JUSTICE STEVENS is of course correct . . . that the right to assemble cannot be exercised alone, but it is still an individual right, and not one conditioned upon membership in some defined “assembly,” as he contends the right to bear arms is conditioned upon membership in a defined militia. And JUSTICE STEVENS is dead wrong to think that the right to petition is “primarily collective in nature.”

In fact, if Justice Stevens is to be taken seriously in this argument, it seems that the dictum “one man, one vote” describes a collective rather than an individual right.

Justice Breyer, hardly to be outdone, wrote an opinion which may well serve as “The Idiot’s Guide to what NOT to do as a dissenting SCOTUS Justice.” He agrees with Stevens that the right is collective, but goes even further to say that individual or collective doesn’t really matter anyway: The government is justified in arbitrarily curtailing possession of firearms if it sees an “imbalance” in not so doing. We don’t need to amend the Constitution, we merely need make it subservient to current political need. Unfortunately for Breyer, his argument is self destructive: Justice Breyer’s self-refuting dissent in Heller:

I suspect that it may go down in history as one of the strongest arguments AGAINST balancing tests. If the restriction on liberty were trivial, then it might be easy to use a balancing test to uphold the DC statute’s ban on handguns. Or if handgun bans were known to be spectacularly successful in reducing death and violence, then fair-minded judges might determine that even very substantial restrictions on liberty could be balanced away by the overwhelming benefit of gun control.

But gun control has very little effect on rates of violence or death (I think the evidence, while contradictory, points on balance to a small reduction associated with some gun controls.) Given this, the DC case should be an easy one for balancing: a major restriction of liberty (an outright ban) cannot be justified by a small or nonexistent gain in public safety.

That Justice Breyer reaches the opposite result from what should be a very easy case of balancing major restrictions of gun rights against minor net benefits suggests either that Justice Breyer is an unusually biased judge or – more likely – that the balancing test he posits is not workable in practice. Thus, Breyer’s own opinion may be the strongest possible refutation of his jurisprudential approach.

A third interpretation is that Breyer actually finds the right of self-defense trivial compared to the intent of the state to protect its citizens. This is no more ridiculous than any other reading.

Scalia had this to say about “balancing” a right enumerated in the Bill of Rights against legislative fads:

We know of no other enumerated constitutional right whose core protection has been subjected to a freestanding “interest-balancing” approach. The very enumeration of the right takes out of the hands of government—even the Third Branch of Government—the power to decide on a case-by-case basis whether the right is really worth insisting upon. A constitutional guarantee subject to future judges’ assessments of its usefulness is no constitutional guarantee at all. Constitutional rights are enshrined with the scope they were understood to have when the people adopted them, whether or not future legislatures or (yes) even future judges think that scope too broad.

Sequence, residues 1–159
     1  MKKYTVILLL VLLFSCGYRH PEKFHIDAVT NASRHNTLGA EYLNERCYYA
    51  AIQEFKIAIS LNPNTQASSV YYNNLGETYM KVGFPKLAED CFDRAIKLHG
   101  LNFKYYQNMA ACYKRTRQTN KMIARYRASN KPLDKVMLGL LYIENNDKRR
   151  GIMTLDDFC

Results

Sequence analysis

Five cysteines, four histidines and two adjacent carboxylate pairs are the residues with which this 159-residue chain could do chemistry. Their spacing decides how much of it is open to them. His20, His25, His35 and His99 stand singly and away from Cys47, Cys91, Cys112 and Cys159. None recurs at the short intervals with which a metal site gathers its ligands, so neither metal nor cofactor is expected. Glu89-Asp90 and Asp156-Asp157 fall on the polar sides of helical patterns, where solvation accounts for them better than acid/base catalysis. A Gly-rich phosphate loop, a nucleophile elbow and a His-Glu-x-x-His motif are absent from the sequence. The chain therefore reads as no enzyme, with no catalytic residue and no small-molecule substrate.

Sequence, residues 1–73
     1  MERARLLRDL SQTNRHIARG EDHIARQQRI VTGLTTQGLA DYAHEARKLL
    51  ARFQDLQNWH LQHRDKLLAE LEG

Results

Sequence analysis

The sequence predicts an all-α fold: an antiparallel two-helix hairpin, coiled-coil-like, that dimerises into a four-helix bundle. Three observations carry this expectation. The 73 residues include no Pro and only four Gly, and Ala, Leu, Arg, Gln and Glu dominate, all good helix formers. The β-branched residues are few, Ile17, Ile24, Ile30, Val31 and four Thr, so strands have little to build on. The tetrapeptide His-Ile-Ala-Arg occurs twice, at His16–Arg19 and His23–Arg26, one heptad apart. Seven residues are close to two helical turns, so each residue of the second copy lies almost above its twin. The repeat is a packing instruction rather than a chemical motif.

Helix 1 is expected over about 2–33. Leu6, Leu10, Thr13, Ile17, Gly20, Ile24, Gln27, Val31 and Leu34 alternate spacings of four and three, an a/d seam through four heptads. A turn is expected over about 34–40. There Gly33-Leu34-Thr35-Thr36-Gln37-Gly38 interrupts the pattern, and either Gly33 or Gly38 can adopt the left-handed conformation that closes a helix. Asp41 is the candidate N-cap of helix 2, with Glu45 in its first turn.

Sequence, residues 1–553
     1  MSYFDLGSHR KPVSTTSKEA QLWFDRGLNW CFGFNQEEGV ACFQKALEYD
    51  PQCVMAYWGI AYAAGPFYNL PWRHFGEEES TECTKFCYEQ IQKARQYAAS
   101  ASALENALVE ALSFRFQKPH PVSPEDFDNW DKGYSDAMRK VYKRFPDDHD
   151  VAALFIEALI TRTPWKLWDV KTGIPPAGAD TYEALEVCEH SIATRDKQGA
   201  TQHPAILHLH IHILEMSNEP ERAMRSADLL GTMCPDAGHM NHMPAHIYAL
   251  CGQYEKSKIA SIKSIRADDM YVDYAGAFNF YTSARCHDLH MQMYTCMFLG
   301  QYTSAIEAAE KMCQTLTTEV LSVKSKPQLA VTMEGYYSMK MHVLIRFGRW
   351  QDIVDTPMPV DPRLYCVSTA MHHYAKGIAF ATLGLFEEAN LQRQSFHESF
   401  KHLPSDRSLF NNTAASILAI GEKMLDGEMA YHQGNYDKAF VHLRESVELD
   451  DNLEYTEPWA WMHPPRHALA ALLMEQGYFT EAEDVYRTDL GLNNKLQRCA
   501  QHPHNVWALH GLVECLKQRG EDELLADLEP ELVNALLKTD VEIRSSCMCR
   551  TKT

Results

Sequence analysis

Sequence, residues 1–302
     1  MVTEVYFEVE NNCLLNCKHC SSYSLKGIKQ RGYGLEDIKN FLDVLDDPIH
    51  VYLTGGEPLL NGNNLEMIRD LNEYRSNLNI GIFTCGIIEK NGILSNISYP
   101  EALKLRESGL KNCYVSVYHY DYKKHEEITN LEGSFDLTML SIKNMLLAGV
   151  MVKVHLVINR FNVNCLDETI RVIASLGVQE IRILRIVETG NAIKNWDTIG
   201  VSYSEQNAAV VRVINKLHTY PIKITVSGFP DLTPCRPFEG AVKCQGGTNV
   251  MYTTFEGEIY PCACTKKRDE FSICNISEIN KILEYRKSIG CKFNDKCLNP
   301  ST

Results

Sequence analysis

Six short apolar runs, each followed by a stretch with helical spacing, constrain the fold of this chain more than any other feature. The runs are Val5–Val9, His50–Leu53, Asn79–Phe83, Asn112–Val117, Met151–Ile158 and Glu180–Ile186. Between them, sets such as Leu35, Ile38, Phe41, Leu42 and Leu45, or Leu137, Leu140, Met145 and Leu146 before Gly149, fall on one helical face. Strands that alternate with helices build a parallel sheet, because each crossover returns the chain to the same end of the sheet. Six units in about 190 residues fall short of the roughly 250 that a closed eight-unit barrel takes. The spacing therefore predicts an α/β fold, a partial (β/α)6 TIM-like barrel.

So what has Heller changed? There is much litigation to follow, so the only immediate difference is a reversal of the burden of proof. The state now has to prove an individual does not qualify for the right to possess a working firearm under fairly limited rules. Before, individual qualifications did not signify because of an outright prohibition.

In practice, this will be a small difference. Do you remember the arbitrary CCW permit issuance rules Michigan observed under “may issue?” “Shall issue” is where SCOTUS took us.

I predict a the creation of a regulatory morass by jurisdictions such as D.C., Chicago and San Francisco – all intended to complicate the “fairly limited rules.” Many of these new regulatory attempts will eventually come before SCOTUS. Before Heller, they would not have.

This is a significant victory, but it is only the foundation against which future regulation will be measured.

Remember, “The same folks who can read the Constitution and Bill of Rights and find an unassailable right to abortion and gay marriage can’t find a right to possession of a firearm.”

McCain and Obama agree

…that Supreme Court Justice Anthony Kennedy is wrong when he says:

The death penalty is not a proportional punishment for the rape of a child.

But think, Justice Kennedy may be right. He could mean a long, slow, painful death is “proportional,” and that simple death by lethal injection is not enough punishment.

…Nah, the Eurolords in Brussels wouldn’t like that attitude.

OTOH, Massachusetts Democrat Rep. James Fagan takes Justice Kennedy’s opinion to heart, and goes him one better. Fagan has threatened “to torment and “rip apart” child rape victims who take the witness stand…”

“I’m gonna rip them apart,” Fagan said of young victims during his testimony on the bill. “I’m going to make sure that the rest of their life is ruined, that when they’re 8 years old, they throw up; when they’re 12 years old, they won’t sleep; when they’re 19 years old, they’ll have nightmares and they’ll never have a relationship with anybody.”

It would be “proportional” for Rep. Fagan to be incarcerated, ideally for child molestation, in an institution where he might have the opportunity to become the witness he so despises. Mulitiple times.

Fagan can stare into the face of evil and not only defend it, but he promises to ensure the innocence it has contaminated is utterly destroyed. No biggie. After all, it’s just the logical conclusion of Justice Kennedy’s opinion that evil doesn’t actually exist.